Though Aurora may never see the light of day, the ideas brought forth may find themselves in future iteration of the browser, and even the web.

    At the very least, open-source innovations like those provide previous art when a troll patents the very same idea years later.

  • All in a name (Score:5, Informative)

    by IceFox (18179) on Wednesday August 06, 2008 @09:13AM (#24495103) Homepage
    This will no doubt lead to confusion with the Arora webkit browser. http://arora-browser.org/ [arora-browser.org] Sigh... I spent a good chunk of time finding the name and making sure there wasn't any conflicts out there. And then comes along not only a software application, but a browser... :( Should I change my name or ask them to change theirs? -Benjamin Meyer
  • Not more frames (Score:5, Interesting)

    by GBC (981160) * on Wednesday August 06, 2008 @09:13AM (#24495111)
    This looks interesting and it is good that they are thinking about the future of browsing. I liked the ease with which you could manipulate and share data, though I imagine that something that is designed to be that open would introduce some interesting security issues.

    I am definitely not a fan of the pop-up frames as you move the mouse to the edge of the window - it is one of the things I don't like about Sugar OS on my XO/OLPC laptop. I don't know if others have had similar problems, but I found them way too easy to trigger and very distracting when you were in the middle of doing something else.

    Also, I am not sure how practical the bookmarks/history view is for large amounts of data. It looks like they are taking a leaf out of iTunes' album view. I still use bookmarks instead of tags (not sure if that makes me a dinosaur or not) and I have a helluva lot of them. A visual representation of them versus the existing menu structure would make it much harder to find what I am looking for. It is down to my personal preferences admittedly, but if the end goal is to make information easier to find, I don't think it works.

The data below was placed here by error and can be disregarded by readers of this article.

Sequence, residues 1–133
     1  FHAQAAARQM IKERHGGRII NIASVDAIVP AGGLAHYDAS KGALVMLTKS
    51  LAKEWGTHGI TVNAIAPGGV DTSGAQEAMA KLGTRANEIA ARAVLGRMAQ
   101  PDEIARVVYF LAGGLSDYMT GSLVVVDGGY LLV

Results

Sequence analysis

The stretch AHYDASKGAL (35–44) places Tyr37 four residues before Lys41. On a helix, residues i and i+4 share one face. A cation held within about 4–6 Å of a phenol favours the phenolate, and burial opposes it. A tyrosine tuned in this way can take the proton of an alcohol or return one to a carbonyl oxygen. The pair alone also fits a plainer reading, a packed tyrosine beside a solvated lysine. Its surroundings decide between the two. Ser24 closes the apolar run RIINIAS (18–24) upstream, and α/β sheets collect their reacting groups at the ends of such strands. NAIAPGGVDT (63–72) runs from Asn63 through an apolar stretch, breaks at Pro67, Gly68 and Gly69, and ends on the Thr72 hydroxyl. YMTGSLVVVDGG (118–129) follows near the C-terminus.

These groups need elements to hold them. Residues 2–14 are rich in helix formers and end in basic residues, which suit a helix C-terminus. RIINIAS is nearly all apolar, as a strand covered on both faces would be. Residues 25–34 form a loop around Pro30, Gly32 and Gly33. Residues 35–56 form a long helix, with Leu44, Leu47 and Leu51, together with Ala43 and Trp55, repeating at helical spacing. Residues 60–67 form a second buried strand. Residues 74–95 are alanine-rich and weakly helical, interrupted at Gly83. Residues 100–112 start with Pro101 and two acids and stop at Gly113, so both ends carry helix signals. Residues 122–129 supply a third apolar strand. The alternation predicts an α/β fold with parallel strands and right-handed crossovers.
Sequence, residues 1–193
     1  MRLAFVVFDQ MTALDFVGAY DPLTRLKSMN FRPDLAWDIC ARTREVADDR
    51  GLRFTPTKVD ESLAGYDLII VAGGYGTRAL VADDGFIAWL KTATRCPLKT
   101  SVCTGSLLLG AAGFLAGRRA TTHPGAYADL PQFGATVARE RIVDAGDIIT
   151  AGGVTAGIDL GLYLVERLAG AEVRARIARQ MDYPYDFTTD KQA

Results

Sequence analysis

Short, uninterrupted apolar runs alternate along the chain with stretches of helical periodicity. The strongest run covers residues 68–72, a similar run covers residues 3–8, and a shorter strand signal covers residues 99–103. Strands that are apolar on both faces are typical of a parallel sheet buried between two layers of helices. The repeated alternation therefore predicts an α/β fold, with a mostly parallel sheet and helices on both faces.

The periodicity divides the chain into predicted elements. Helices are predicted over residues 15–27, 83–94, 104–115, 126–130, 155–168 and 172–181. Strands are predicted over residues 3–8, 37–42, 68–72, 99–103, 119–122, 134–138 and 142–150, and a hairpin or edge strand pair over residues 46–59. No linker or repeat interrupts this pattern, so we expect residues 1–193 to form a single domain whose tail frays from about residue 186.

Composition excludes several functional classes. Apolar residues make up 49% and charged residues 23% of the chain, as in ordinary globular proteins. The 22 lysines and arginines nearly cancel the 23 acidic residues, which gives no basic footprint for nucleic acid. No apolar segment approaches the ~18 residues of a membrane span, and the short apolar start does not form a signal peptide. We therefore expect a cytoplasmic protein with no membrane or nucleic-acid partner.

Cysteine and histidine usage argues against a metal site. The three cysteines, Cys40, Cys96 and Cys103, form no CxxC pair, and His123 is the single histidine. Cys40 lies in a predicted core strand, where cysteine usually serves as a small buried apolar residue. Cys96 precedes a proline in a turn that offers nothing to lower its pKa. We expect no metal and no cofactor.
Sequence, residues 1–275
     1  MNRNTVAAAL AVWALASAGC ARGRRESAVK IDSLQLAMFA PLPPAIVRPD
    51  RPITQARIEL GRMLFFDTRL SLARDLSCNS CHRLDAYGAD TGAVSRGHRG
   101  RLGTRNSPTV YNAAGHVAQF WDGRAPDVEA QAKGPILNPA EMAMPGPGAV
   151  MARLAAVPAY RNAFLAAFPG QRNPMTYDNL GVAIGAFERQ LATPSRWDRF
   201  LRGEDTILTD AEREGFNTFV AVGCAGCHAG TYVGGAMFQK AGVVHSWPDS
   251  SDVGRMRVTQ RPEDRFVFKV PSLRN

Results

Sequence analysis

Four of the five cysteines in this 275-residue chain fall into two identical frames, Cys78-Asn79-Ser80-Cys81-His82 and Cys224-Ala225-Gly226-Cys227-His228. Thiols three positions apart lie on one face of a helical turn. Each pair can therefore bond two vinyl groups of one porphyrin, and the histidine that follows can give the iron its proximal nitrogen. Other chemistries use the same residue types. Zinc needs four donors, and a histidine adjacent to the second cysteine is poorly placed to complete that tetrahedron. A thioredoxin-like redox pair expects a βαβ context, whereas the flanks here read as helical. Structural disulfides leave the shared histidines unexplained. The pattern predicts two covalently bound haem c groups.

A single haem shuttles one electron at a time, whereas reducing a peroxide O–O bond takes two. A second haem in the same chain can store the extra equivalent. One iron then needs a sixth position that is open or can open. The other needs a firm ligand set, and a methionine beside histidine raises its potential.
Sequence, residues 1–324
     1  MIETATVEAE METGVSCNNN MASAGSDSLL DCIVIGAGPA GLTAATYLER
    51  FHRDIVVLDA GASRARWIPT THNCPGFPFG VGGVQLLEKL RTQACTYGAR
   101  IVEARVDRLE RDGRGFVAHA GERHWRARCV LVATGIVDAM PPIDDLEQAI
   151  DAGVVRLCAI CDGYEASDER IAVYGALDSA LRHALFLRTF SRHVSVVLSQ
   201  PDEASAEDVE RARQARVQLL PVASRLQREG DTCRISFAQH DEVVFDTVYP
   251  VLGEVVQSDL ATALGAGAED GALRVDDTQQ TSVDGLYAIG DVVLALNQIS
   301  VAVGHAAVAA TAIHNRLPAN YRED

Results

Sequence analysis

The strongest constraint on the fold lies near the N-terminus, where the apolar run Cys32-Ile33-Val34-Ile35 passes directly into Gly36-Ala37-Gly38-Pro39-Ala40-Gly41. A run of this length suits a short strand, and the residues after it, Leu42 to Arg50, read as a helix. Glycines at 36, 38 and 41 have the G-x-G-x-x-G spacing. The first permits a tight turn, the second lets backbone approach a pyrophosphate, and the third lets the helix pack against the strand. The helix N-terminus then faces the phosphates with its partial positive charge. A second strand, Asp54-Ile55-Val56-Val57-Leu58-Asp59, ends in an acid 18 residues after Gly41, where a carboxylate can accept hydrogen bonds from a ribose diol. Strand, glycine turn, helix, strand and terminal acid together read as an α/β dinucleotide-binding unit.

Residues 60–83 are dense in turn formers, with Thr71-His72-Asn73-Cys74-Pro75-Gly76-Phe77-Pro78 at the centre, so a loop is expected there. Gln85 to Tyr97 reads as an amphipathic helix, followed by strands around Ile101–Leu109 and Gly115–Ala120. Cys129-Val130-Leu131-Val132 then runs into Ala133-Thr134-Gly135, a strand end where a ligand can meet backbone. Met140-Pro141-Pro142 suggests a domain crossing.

Oh, and did anyone else get reminded of the D&D computer games with the radial menus when watching the demo?
    • I found them way too easy to trigger and very distracting when you were in the middle of doing something else

      This is a problem Adobe Lightroom suffers from as well.

      I think it is a good idea poorly implemented. In Lightroom the menus can be tacked in place so they don't close, but they can't be tacked closed so they don't open when the mouse moves over them.

  • by e2d2 (115622) on Wednesday August 06, 2008 @09:14AM (#24495121)

    What is with this new desktop "paradigm" I keep seeing everywhere from this new browser to the new multi-touch displays? Where everything is disorganized and you simply wander through everything tossing it out of the way like looking through your dirty clothes hamper for a clean set of underwear. Call me old fashioned but I like hierarchical data and tree structures.

    I understand it's just a concept, but seeing this type of thing everywhere has me wonder who exactly is doing usability and what they are smoking because I want some.

    • by gertam (1019200) on Wednesday August 06, 2008 @09:40AM (#24495489)

      Order? Structure? Hierarchy? How quaint! Don't you realize that no one has any time for that anymore. The new paradigm for the future is EXACTLY to toss everything on the floor and let the glorious God SEARCH order it for you.

      The new usability is all about easing the life of the content creator, and letting the computer sort things out. Creating order is boring and hard. The content user is responsible for leveraging SEARCH to find what it needs. Oh, maybe you can throw a category tag on something if you really need to find it again quickly.

      This is the whole GMail vs. Outlook argument that I see over and over again. Trees and hierarchy are soooooo old fashioned. This is just a visual extension of the death of the hierarchical structure in our lives.

      • by the_raptor (652941) on Wednesday August 06, 2008 @09:51AM (#24495683)

        Except Gmail encourages you to use tags, which are functionally no different to folders/directories if you just use one.

        • Re: (Score:3, Informative)

          by gertam (1019200)

          It is different than folders/directories. It is better. You don't have to know any hierarchy before tagging something. As you indirectly point out, it can have multiple tags, and really it is a helper to SEARCH. It can help organize things for sure, and I find it more useful, ultimately, because it is not hierarchical. But it is not the same as folders/directories.

          It really is more like throwing everything on the floor, except you have a magic tool to grab any item you want, so long as you have the right in